Review: Tyler Perry's A Madea Christmas
Eileen won’t take no for an answer when her daughter Lacey cancels their Christmas plans, so along with her friend Madea, she travels to Alabama for a proper family Christmas. Lacey has her reasons for cancelling though; without her mother’s knowledge, she has married Conner, a white man. When Eileen and Madea arrive at Lacey’s farm, Lacey tells her mother that her husband is a “farm hand”. Things become even more complicated when Connor’s parents show up for the holidays.
Tyler Perry is back in the fat suit and wig as Madea, with Anna Maria Horsford as her friend Eileen. Tika Sumpter plays Eileen’s daughter Lacey, with her husband being played by Eric Lively. Larry the Cable Guy and Kathy Najimy appear as Connor’s parents. Alicia Witt and Chad Michael Murray also star as a working class couple who feud with Lacey and Conner.
Let’s get one thing straight, many people who see Perry’s films have preconceived notions about them before the even buying their tickets, and while most of Perry’s films are very similar, this one is a little different.
With his past couple films, Perry creates what is essentially an unheard of, unseen filmmaking technique; a sort of Black New Wave if you will. Like this year’s Best Man Holiday, A Madea Christmas disregards plot structure, continuity, political correctness, and character development.
In his latest film, Tyler Perry has finally found a match for his loud-mouthed Madea in Larry the Cable Guy. Past Madea films have tried to pair up the matriarch against others, but until now they have failed to get it right. The rest of the cast doesn’t deserve as much praise though. While Horsford, Sumpter, and Najimy are fine, other members of the cast really struggle. Surprisingly, the poor performances in the film come from Chad Michael Murray and Alicia Witt. Now that Murray’s TV show One Tree Hill is over, he really isn’t getting many roles. Other than a small part in Fruitvale Station, this is all Murray is offering us this year, and it isn’t good. His attempt at a southern accent is atrocious and completely unbelievable, the same can be said about Witt.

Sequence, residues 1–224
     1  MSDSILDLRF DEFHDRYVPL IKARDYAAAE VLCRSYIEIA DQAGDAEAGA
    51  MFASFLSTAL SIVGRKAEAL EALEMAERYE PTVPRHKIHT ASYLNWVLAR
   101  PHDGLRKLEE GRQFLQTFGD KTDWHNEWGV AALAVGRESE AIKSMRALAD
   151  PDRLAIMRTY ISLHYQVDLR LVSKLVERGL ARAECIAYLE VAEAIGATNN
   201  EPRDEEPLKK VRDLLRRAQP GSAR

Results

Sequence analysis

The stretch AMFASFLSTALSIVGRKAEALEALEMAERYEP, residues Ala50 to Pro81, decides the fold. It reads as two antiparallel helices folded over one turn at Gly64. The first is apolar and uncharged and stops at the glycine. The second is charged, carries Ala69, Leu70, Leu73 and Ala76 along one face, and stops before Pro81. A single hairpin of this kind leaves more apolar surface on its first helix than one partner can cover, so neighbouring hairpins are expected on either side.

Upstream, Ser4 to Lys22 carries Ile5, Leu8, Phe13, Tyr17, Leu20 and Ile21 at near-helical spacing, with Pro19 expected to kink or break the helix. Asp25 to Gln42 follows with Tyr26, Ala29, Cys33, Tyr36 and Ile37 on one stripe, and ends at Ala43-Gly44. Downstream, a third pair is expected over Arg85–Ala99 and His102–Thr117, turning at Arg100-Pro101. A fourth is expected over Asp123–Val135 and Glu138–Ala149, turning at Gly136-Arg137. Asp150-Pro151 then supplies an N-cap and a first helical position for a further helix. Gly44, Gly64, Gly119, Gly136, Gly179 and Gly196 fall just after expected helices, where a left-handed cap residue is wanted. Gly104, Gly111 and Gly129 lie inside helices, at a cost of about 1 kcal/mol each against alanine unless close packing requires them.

If they gave out Razzies for film editing, A Madea Christmas would be a sure lock. Characters seem to jump from place to place each time the shot changes. To make it even better, instead of the industry standard fades and cuts to transition between scenes, Perry has Christmas items wipe across the screen accompanied by sparkles and the sound of jingle bells. It’s pure gold.
Perry finally seems to realize that his films are messy and ridiculous, and has finally decided to embrace this. Therefore, A Madea Christmas may be one of his most extreme films yet. Whether it’s an incredibly offensive scene where Madea bullies a woman because of her weight, or a scene copied shot for shot from Crash in which a racist black woman must save a white man from a burning car, Perry knows how to shock an audience.
While one would assume that all these issues would make A Madea Christmas a terrible film, it just doesn’t feel that way. I’m certain that no one could watch this film and not enjoy themselves. A Madea Christmas is a rare film that is improved by its shortcomings.